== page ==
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From Jason Venner <jason.had...@gmail.com>
Subject Re: Map performance with custom binary format
Date Wed, 29 Jul 2009 02:01:29 GMT
Is it possible that your tasks are not falling evenly over the machines of
your cluster, but piling up on a small number of machines?

On Tue, Jul 28, 2009 at 3:35 PM, Scott Carey <scott@richrelevance.com>wrote:

> See below:
>
>
> On 7/28/09 12:15 PM, "william kinney" <william.kinney@gmail.com> wrote:
>
> > Sorry, forgot to include that detail.
> >
> > Some data from ganglia:
> >
> >   CPU:
> >     - on all 10 nodes, I am seeing for the life of the job 85-95% CPU
> > usage, with about 10% of that being "System" CPU, vs "User".
> >     - Single node graph: http://imagebin.org/57520
> >     - Cluster graph: http://imagebin.org/57523
>
> Ok, CPU is definitely loaded.  Identify which processes are primarily
> responsible (Tasks? Datanode? Tasktracker?) You'll want to make the
> processes eating CPU during a run spit out some stack traces to 'profile'
> the activity.  Use either the 'jstack' utility with the JDK, or do a 'kill
> -3 <pid>' on a java process to spit out the stack trace to stdout.  You'll
> want to do this a handful of times on a single job if possible to identify
> any trends.
>
> >
> >   Memory:
> >     - Memory used before job is about 0.4GB, During job it fluctuates
> > up to 0.6GB and 0.7GB, then back down to 0.4GB. Most of the node
> > memory (8GB) is showing as "Cached".
> >     - Single node graph: http://imagebin.org/57522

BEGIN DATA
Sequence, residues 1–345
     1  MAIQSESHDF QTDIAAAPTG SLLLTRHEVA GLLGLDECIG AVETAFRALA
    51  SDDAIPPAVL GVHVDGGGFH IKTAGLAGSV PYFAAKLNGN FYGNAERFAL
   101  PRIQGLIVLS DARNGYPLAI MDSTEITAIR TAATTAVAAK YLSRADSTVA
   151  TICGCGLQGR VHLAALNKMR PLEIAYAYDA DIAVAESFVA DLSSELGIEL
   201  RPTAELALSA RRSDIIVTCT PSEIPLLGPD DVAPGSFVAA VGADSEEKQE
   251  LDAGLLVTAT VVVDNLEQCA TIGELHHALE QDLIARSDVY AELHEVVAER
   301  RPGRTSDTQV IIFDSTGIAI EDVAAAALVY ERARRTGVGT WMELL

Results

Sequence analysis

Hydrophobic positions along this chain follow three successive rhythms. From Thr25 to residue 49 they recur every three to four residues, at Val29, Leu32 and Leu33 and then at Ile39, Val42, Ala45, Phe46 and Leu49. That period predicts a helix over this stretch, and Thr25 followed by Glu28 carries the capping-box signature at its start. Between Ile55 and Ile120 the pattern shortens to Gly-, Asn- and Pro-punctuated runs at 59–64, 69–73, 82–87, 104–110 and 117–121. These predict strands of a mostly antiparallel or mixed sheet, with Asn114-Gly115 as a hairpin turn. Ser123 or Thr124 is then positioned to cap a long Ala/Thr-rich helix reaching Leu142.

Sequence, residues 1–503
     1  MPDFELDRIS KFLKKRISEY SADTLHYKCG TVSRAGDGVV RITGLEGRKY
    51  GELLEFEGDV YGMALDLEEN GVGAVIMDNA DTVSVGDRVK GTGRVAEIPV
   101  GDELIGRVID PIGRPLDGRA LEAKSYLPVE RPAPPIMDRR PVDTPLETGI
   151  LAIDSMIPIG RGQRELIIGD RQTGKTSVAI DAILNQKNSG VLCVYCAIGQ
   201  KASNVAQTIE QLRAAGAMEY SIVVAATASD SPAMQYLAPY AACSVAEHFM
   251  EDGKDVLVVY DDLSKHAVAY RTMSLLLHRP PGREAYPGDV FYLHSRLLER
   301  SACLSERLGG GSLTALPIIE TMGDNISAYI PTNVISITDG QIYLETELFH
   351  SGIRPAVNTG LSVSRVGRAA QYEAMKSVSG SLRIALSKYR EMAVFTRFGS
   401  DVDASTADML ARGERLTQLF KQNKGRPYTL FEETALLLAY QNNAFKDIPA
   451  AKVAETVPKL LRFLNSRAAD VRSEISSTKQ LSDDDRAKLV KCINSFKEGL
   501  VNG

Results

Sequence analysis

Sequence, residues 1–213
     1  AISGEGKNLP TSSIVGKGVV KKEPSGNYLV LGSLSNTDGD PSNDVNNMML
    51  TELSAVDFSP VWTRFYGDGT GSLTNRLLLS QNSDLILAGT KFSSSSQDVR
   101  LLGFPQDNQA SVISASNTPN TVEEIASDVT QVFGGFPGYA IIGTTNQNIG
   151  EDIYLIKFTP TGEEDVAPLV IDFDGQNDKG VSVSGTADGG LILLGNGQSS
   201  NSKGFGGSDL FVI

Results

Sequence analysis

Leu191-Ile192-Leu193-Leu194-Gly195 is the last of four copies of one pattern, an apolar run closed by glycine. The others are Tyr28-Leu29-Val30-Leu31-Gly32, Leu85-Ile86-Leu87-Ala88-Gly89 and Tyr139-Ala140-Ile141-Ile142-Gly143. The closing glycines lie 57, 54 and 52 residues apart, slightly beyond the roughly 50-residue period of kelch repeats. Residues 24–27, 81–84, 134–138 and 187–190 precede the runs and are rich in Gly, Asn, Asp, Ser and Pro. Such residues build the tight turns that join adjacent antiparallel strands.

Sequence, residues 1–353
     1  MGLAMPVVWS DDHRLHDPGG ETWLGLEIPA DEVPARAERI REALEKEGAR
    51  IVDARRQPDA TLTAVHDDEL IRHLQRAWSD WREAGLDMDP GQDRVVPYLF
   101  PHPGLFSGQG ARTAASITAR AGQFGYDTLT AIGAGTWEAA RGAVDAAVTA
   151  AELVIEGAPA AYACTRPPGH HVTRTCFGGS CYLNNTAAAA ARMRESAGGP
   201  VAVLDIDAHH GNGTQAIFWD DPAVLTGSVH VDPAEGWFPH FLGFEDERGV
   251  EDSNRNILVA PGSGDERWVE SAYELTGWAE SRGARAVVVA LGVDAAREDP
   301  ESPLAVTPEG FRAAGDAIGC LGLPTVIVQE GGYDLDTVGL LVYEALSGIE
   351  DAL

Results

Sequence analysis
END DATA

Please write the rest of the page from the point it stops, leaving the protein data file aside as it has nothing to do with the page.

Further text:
>
> So the OS is mostly just caching disk files in RAM.
>
> >
> >   Network:
> >     - IN and OUT: Each node 6-12MB/s, cumulative about 30-44MB/s.
> >     - Single node graph: http://imagebin.org/57521
> >     - Cluster graph: http://imagebin.org/57525
> >
>
> That is a not insignificant, but cumulative across the cluster its not
> much.
>
> > iostat (disk) (sampled most of the nodes, below values are ranges I saw):
> >     tps: 0.41-1.27
> >     Blk_read/s: 46-58
> >     Blk_wrtn/s: 20-23
> > (have two disks per node, both SAS, 10k RPM)
> >
>
> Did you do iostat with a parameter to have it spit out more than one row?
> By default, it spits out data averaged since boot time, like vmstat.
> My favorite iostat params for monitoring are:
> iostat -mx 5
> iostat -dmx 5
> (or 10 or 15 or 60 second intervals depending on what I'm doing)  Ganglia
> might have some I/O info -- you want both iops and some sort of bytes/sec
> measurement.
>
> > ---
> > Are those Blk_read/wrtn/s as in block size (4096?) = bytes/second?
> >
>
> I think its the 512 byte block notion, but I always use -m to put it in
> useful units.
>
> > Also, from the job page (different job, same Map method, just more
> > data...~40GB. 781 files):
> > Map input records       629,738,080
> > Map input bytes         41,538,992,880
> >
> > Anything else I can look into?
>
> Based on your other email:
>
> There are almost 800 map tasks, these seem to mostly be data local.  The
> current implementation of the JobTracker schedules rather slowly, and can
> at
> best place one new task per node per 2 seconds or so on a small cluster.
> So, with 10 servers, it will take at least 80 seconds just to schedule all
> the tasks.
> If each server can run 8 tasks concurrently, then if the average task
> doesn┬╣t take somewhat longer than 16 seconds, the system will not reach
> full
> utilization.
>
> What does the web interface tell you about the number of concurrent map
> tasks during the run?  Does it approach the max task slots?
>
> You can look at the logs for an individual task, and see how much data it